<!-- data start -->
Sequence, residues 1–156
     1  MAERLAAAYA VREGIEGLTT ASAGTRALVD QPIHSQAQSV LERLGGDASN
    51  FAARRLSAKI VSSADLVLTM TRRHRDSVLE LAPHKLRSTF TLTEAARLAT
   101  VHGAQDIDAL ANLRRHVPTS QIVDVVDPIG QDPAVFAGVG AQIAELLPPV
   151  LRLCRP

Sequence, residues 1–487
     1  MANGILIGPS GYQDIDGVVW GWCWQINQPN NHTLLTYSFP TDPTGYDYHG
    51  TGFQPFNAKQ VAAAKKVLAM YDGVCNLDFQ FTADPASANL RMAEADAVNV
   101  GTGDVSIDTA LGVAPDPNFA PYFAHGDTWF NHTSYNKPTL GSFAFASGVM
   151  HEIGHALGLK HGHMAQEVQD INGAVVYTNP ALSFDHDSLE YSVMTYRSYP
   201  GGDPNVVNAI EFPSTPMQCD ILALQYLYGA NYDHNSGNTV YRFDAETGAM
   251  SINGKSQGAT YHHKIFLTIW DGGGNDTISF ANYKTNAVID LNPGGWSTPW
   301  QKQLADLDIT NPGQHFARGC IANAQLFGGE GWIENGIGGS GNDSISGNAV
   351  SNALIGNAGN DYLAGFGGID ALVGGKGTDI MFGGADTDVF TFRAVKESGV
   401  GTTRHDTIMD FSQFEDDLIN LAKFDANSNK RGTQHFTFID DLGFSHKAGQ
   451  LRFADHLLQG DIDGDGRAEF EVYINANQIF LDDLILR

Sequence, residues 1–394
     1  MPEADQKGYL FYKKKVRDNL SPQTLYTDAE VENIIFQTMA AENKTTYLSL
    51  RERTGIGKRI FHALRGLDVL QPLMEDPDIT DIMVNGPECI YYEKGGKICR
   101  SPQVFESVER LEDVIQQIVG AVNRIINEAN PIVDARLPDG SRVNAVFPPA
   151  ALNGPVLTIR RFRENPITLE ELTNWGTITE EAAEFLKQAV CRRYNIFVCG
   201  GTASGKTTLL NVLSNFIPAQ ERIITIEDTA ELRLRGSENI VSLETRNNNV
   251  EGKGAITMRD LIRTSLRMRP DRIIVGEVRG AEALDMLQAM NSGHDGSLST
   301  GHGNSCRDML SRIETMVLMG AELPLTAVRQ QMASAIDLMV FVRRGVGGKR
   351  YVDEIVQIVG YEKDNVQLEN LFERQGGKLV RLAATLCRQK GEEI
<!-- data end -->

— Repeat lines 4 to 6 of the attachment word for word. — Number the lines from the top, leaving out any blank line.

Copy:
   101  VHGAQDIDAL ANLRRHVPTS QIVDVVDPIG QDPAVFAGVG AQIAELLPPV
   151  LRLCRP

Sequence, residues 1–487